Goal 3 seeks to ensure health and well-being for all, at every stage of life. The Goal addresses all major health priorities, including reproductive, maternal and child health; communicable, non-communicable and environmental diseases; universal health coverage; and access for all to safe, effective, quality and affordable medicines and vaccines. It also calls for more research and development, increased health financing, and strengthened capacity of all countries in health risk reduction and management.
Between 2000 and 2015, the global maternal mortality ratio, or number of maternal deaths per 100,000 live births, declined by 37 per cent, to an estimated ratio of 216 per 100,000 live births in 2015. Almost all maternal deaths occur in low-resource settings and can be prevented. Globally, 3 out of 4 births were assisted by skilled health-care personnel in 2015. Under-five mortality rates fell rapidly from 2000 to 2015, declining by 44 per cent globally. Nevertheless, an estimated 5.9 million children under the age of 5 died in 2015, with a global under-five mortality rate of 43 per 1,000 live births. The neonatal mortality rate, that is, the likelihood of dying in the first 28 days of life, declined from 31 deaths per 1,000 live births in 2000 to 19 deaths per 1,000 live births in 2015. Over that period, progress in the rate of child survival among children aged 1 to 59 months outpaced advances in reducing neonatal mortality; as a result, neonatal deaths now represent a larger share (45 per cent) of all under-five deaths.
Preventing unintended pregnancy and reducing adolescent childbearing through universal access to sexual and reproductive health-care services are critical to further advances in the health of women, children and adolescents. Worldwide, in 2015, approximately 3 in 4 women of reproductive age (15 to 49 years of age) who were married or in union satisfied their need for family planning by using modern contraceptive methods; in sub-Saharan Africa and Oceania, however, the share was less than half. Childbearing in adolescence has steadily declined in almost all regions, but wide disparities persist: in 2015, the birth rate among adolescent girls aged 15 to 19 ranged from 7 births per 1,000 girls in Eastern Asia to 102 births per 1,000 girls in sub-Saharan Africa.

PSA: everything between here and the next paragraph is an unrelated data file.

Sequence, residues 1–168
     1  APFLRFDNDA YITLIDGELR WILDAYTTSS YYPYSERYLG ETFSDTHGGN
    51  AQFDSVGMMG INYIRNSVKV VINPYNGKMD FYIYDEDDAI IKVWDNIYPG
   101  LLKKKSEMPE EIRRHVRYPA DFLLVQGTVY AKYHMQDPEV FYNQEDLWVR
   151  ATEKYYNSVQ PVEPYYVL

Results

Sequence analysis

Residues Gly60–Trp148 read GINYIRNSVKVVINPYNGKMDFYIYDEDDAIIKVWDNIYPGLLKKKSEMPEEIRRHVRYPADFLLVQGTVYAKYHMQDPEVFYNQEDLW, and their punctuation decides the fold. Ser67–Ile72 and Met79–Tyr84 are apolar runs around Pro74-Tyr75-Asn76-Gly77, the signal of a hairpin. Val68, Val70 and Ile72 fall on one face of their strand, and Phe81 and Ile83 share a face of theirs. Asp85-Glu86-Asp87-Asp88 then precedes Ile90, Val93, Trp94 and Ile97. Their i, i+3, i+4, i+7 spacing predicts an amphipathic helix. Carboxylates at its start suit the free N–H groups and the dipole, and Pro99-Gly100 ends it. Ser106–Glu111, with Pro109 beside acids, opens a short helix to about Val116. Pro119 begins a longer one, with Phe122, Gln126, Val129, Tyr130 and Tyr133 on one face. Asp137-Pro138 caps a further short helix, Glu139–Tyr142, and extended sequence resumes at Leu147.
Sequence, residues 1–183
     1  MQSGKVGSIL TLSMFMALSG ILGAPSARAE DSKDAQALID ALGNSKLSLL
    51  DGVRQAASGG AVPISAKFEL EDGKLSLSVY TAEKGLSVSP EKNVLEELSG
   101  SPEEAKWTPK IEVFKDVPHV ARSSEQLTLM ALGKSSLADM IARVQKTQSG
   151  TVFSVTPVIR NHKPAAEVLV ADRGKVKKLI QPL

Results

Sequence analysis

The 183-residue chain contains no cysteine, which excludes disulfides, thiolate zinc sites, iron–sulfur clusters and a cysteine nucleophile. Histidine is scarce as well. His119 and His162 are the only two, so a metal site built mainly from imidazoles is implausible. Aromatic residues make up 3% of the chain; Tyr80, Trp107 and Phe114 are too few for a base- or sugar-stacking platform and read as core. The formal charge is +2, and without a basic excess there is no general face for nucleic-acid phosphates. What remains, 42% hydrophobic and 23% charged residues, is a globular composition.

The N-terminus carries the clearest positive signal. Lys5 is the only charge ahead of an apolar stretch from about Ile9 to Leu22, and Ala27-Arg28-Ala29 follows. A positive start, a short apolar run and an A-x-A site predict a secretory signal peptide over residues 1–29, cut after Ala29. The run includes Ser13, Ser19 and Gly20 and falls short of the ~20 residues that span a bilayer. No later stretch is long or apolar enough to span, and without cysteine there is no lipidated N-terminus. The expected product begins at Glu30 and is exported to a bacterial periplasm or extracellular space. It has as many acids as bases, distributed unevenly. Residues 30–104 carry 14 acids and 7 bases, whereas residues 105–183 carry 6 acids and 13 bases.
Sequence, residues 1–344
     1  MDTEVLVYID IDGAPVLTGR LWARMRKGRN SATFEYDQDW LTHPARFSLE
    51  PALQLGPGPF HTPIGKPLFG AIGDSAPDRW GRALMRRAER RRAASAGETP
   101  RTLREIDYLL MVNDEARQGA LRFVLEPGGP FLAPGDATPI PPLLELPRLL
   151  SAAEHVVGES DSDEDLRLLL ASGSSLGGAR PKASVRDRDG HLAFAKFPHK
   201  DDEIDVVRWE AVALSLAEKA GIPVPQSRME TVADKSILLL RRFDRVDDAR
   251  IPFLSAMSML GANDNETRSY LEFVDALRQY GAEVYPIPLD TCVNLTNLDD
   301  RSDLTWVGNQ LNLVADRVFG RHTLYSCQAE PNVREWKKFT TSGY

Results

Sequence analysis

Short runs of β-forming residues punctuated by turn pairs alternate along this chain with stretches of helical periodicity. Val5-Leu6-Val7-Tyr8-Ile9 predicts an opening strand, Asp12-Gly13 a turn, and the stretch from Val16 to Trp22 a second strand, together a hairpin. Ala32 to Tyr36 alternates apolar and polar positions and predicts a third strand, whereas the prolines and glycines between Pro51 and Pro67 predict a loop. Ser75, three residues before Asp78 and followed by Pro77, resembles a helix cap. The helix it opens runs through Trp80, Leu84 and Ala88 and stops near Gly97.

The incidence of major infectious diseases, including HIV, tuberculosis and malaria, has declined globally since 2000. Globally in 2015, the number of new HIV infections among all people was 0.3 new infections per 1,000 uninfected people; 2.1 million people became newly infected that year. The incidence of HIV was highest in sub-Saharan Africa, with 1.5 new cases per 1,000 uninfected people. In 2014, 9.6 million new cases of tuberculosis (133 cases per 100,000 people) were reported worldwide, with 58 per cent of them in South-Eastern Asia and the Western Pacific. Almost half the world’s population is at risk of malaria and, in 2015, the incidence rate was 91 new cases per 1,000 people at risk, an estimated total of 214 million cases. Sub-Saharan Africa accounted for 89 per cent of all malaria cases worldwide, with an incidence rate of 235 cases per 1,000 people at risk. In 2014, at least 1.7 billion people, in 185 countries, required treatment for at least one neglected tropical disease.